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The senolytic drug combination of dasatinib and quercetin cleared senescent cells from obese mice in a study by researchers at the Mayo Clinic in Rochester, Minnesota funded by NIA. When the senescent cells were removed, cell growth resumed in the brain regions involved in that process, also known as neurogenesis, and obesity-related anxiety behavior decreased.
Abstract cellsOver time, accumulation of senescent cells may slow or stop cell regeneration and tissue maintenance, thus contributing to tissue aging.
Clearing senescent cells from the brain and other tissues can delay, prevent, or alleviate multiple age-related disorders.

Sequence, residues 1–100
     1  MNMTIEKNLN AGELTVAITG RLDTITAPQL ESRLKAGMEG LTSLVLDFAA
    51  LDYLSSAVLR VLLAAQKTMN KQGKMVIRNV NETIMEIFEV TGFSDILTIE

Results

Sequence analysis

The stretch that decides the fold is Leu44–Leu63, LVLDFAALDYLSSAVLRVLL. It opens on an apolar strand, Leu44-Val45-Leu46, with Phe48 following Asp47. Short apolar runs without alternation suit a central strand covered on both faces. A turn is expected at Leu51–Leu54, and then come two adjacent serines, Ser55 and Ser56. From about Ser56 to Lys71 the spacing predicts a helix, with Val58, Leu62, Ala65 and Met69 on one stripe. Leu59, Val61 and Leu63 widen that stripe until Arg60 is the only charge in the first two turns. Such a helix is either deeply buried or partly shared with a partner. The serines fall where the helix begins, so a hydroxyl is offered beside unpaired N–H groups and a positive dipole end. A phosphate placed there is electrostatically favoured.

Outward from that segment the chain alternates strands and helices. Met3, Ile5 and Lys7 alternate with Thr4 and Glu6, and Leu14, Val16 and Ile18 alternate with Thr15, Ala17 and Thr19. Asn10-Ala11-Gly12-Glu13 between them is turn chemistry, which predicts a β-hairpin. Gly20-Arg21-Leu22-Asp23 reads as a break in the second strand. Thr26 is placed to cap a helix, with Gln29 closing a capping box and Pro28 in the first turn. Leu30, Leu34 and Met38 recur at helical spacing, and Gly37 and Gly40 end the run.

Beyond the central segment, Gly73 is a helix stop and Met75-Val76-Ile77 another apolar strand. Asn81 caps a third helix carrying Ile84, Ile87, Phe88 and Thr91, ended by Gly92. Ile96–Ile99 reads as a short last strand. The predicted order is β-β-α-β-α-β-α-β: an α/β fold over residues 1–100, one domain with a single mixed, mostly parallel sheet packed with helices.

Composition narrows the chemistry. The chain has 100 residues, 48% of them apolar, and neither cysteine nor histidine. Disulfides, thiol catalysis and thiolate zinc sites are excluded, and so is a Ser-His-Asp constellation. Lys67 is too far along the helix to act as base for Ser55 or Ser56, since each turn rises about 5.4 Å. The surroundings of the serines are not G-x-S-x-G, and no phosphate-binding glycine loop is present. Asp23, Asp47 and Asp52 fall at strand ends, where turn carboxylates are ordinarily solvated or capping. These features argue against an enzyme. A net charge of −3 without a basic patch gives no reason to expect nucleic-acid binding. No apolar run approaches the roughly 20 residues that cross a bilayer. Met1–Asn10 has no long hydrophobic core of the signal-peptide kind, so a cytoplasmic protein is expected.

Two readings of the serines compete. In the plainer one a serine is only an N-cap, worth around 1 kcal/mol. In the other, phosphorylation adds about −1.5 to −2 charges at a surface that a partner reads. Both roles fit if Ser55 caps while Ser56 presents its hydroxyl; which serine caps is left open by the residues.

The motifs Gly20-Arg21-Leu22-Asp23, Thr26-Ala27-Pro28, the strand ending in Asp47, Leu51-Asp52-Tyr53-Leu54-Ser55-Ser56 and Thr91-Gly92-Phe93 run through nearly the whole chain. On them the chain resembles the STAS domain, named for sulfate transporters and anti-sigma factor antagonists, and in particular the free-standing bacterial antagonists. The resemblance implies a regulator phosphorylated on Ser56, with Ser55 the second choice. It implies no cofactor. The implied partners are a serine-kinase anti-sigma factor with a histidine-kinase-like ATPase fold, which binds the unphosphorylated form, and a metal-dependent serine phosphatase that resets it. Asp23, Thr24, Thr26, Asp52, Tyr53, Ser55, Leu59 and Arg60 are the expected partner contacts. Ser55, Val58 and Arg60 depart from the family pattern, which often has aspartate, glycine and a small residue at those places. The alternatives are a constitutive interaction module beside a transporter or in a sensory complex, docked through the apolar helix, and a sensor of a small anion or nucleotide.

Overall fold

The combination of dasatinib and quercetin was recently shown to prevent cell damage, delay physical dysfunction, and, when used in naturally aging mice, extend their life span.
The researchers sought to determine whether anxiety-like behavior in obesity can be caused by increased senescent cell burden.
When the senescent cells had been eliminated from the mice brains, anxious behavior decreased and new nerve cell growth in the brain was detected.
The scientists note that the data show that senescent cells play a role in causing impaired cell growth due to obesity.